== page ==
Dry years mean low flow in Bishop Creek

Snowfall in the Bishop Creek drainage has remained below normal in the last two years.

Snowfall in the Bishop Creek drainage has remained below normal in the last two years.


The previous two consecutive years have produced very low snowpack levels in the Bishop Creek area watershed, with about 27% of normal in 2012 and 47% of normal in 2013. As a result, Bishop Creek flows are expected to be approximately one-half of normal during the fall and winter of 2013, and Bishop Creek Water Association (BCWA) members will have less water during this period.

The BCWA Watermaster, Mr. Miles Mallet, will work hard to apportion water fairly while meeting state-mandated minimum in-stream flow requirements. Please help the Watermaster and avoid independent adjustment of BCWA ditch flows. If you believe the flows in your ditch need adjustment, please call Mr. Mallet at (760) 920-8264.

The BCWA also reminds members that it is especially important to keep ditches free of leaves, debris, and ice during this fall and winter so the limited amount of water available will flow freely.

8 Responses to Dry years mean low flow in Bishop Creek

  1. BobK October 3, 2013 at 5:12 pm #

    Thanks for the info Benett, but, this still doesn’t answer the question why DWP ignored SCE on instream flows this spring when they knew at that time that the 2 year total runoff was so low. SCE requested the variance in April or May to lower flows. DWP refused to,at first, aknowledge the written requests and then responded by demanding their normal pre drought flows, knowing that this move would drain both Sabrina and South lakes and reducing the flows at Plant 6 (lowest SCE facility) to under 30cfs way before the chandler decree(water rites for downstream users) expires for the year. They have already completly dried up the Mason ditch one time this summer killing numerous fish according to residents and the Cal. Fish and Wildlife Dept.

    • Benett Kessler October 3, 2013 at 6:20 pm #

      Will Fish and Wildlife cite DWP?

      • Philip Anaya October 3, 2013 at 8:46 pm #

        I was told last Friday that DFW will not cite the DWP nor is there a plan or permission to rescue fish

  2. Sharon October 3, 2013 at 11:46 am #

    Given that the Bishop Creek Water Association released the information, could you please provide any contact information for the board members? Our creeks and ponds are now completely dry and our fish (rainbows and browns) that have lived and reproduced in these creeks/ponds for generations have died off. I’ve spoken with numerous neighbors that have resided in the South Barlow neighborhoods for over 40 years (through many droughts) and they have consistently stated that the creeks and ponds have never dried up. I have also read through local articles that in 2013, SCE repeatedly asked DWP to slow the flow from South Lake to preserve the water and DWP said no each time. DWP insisted that the water flow continue at non-drought year levels. The article specifically mentioned that over the past 35 years when we’ve experienced drought years, that DWP has worked with SCE to slow the flow out of South Lake to preserve water for all users up and down Bishop Creek. But not this year.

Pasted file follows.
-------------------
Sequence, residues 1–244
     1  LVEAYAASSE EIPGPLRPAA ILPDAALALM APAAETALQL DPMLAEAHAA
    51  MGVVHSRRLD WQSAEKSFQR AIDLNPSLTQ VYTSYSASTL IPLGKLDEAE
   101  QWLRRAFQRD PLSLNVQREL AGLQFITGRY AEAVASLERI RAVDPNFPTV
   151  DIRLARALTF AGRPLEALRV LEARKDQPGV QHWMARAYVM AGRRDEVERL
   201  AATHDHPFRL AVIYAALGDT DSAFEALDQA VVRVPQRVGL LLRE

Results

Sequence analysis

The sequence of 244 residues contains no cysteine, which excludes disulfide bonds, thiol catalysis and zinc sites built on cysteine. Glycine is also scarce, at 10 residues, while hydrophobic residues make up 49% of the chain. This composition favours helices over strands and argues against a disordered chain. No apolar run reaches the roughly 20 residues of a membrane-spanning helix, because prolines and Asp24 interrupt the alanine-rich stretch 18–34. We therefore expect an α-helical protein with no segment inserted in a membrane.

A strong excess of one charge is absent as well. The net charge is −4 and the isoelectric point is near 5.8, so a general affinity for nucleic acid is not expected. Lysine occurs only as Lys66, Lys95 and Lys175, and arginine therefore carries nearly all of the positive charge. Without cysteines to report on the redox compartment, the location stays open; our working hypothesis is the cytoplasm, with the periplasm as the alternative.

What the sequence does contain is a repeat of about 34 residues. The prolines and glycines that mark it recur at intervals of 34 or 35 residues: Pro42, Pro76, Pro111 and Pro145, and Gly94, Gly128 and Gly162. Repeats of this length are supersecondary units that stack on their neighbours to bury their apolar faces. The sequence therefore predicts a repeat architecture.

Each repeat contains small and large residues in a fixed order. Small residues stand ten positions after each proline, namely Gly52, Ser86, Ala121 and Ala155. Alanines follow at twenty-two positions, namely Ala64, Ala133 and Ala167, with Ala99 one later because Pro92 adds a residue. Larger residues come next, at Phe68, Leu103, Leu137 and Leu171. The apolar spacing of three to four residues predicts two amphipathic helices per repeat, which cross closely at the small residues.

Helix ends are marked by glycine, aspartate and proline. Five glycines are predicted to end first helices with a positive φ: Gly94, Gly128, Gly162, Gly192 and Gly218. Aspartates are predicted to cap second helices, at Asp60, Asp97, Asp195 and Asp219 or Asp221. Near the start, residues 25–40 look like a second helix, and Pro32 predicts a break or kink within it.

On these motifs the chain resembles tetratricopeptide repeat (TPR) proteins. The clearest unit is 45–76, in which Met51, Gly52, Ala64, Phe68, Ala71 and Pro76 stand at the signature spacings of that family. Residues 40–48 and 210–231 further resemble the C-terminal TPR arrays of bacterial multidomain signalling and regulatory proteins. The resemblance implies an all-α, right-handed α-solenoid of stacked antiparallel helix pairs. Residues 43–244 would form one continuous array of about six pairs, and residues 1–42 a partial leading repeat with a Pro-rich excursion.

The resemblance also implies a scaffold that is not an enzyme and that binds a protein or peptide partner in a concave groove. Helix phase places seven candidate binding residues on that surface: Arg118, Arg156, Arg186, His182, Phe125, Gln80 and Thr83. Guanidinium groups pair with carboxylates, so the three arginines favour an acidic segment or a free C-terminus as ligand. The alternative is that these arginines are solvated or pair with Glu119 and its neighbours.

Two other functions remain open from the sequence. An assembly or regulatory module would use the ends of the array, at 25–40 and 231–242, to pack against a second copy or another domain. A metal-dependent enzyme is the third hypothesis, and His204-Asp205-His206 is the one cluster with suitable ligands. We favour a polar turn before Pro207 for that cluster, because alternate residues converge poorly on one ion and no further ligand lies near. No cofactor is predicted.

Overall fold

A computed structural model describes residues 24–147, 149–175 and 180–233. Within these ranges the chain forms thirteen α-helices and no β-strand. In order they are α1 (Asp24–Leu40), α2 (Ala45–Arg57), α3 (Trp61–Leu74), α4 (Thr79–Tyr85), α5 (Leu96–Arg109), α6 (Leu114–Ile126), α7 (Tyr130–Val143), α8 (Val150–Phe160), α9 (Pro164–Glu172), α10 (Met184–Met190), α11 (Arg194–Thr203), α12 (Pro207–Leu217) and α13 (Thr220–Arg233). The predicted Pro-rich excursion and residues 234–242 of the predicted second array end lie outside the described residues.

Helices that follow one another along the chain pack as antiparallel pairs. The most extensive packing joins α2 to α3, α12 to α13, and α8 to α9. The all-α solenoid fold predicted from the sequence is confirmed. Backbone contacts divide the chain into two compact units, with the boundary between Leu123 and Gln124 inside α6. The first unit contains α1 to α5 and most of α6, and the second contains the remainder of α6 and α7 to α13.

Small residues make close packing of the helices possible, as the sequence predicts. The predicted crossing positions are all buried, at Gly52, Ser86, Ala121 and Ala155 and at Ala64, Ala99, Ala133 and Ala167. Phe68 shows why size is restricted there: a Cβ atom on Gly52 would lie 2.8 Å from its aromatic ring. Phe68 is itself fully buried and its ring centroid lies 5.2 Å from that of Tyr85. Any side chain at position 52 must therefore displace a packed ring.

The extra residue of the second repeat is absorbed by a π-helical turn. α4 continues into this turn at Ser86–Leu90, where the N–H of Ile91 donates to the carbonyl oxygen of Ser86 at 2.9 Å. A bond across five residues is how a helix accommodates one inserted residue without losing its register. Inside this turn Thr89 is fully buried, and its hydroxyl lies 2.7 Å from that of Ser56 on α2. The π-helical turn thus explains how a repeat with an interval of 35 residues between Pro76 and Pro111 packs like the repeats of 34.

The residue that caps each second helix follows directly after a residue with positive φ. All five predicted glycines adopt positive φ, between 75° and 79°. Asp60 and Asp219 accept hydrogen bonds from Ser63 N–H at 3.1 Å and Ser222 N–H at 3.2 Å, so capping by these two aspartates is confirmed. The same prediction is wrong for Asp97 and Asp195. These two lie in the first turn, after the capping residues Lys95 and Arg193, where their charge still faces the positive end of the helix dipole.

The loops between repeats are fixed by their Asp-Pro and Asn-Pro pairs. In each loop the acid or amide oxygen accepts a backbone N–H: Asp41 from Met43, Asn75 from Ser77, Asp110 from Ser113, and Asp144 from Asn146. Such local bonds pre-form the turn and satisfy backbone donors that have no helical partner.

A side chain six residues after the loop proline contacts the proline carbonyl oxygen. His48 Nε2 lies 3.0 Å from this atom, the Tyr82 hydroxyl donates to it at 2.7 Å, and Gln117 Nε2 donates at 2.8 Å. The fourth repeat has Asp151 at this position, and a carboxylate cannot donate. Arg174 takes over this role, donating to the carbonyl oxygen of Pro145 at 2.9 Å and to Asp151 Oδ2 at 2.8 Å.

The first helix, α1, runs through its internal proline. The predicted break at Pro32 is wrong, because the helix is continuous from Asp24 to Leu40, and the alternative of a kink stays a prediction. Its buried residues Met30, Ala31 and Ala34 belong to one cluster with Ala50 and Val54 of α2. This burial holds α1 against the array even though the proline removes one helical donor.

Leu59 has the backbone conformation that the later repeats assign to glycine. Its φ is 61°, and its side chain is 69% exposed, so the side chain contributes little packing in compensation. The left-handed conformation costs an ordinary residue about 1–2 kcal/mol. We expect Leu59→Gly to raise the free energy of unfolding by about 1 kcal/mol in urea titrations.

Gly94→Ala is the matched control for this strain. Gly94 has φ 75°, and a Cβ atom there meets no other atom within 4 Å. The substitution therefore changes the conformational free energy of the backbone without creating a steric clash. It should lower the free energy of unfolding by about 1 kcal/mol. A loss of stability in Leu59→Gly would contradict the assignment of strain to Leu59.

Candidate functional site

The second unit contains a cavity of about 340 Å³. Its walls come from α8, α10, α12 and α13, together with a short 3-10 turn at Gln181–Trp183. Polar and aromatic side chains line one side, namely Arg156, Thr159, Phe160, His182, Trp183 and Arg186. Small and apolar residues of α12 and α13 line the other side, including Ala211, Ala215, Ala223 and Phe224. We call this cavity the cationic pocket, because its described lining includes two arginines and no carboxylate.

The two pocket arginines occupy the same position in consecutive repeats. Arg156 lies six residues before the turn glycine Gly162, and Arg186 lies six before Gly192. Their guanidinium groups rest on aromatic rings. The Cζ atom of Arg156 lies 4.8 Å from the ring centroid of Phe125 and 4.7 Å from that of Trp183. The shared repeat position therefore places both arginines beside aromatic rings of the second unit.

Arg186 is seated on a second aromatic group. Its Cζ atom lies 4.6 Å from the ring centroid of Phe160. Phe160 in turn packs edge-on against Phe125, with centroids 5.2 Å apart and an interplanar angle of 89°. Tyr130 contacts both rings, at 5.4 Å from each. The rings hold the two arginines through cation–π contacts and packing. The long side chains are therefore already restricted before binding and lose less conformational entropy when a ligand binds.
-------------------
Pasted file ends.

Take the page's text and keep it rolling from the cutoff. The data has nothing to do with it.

• Benett Kessler October 3, 2013 at 1:08 pm #

      The story does name the BCWA Water Master as Mr. Miles Mallet at (760) 920-8264. Give him a call. I have contacted DWP to find out more about their position.
      Benett Kessler

    • Benett Kessler October 3, 2013 at 2:43 pm #

      Here is DWP’s response to concerns about ditches and ponds running too low. Public Information Officer Chris Plakos responded:

      “As you know the winter of 2012-2013 resulted in an end-of-season (April 1) snowpack of only 47% of normal, and the winter of 2011-2012 was just 27% of normal in the Bishop area. Together that means the Bishop area received less than half the normal precipitation it should have received over the past two winters. The Eastern Sierra hasn’t seen back to back years with such low snowpack and runoff since the early 1960’s.

      BCWA diverts water through its ditches, and the LADWP makes beneficial use of the water downstream. This year LADWP has the following priorities: 1. Maintain at least 5 cubic feet per second in the north and south forks of Bishop Creek to keep fish in good condition; 2. Endeavor to ensure obligations are maintained including water to the Bishop Tribe, irrigation and stockwater supply; 3. Distribute the remaining water among the BCWA ditches, but do not shut off any ditch.”

  3. chris September 4, 2013 at 5:39 pm #

    How much impact does the draining of Lake Sabrina this year, drawing down last year of South Lake (I think) have to do with the low flow of water in Bishop Creek? Neither is mentioned in this article. Surprising, as your articles are usually thorough and of a more investigative nature.

    • Benett Kessler September 4, 2013 at 6:21 pm #

      This is a press release from Bishop Creek Water Association intended to help Bishop residents understand the low water flow. Yes, as the release says, two drought years in a row, with the very low level in the lakes of the Bishop Creek watershed, have left the creek with little water.


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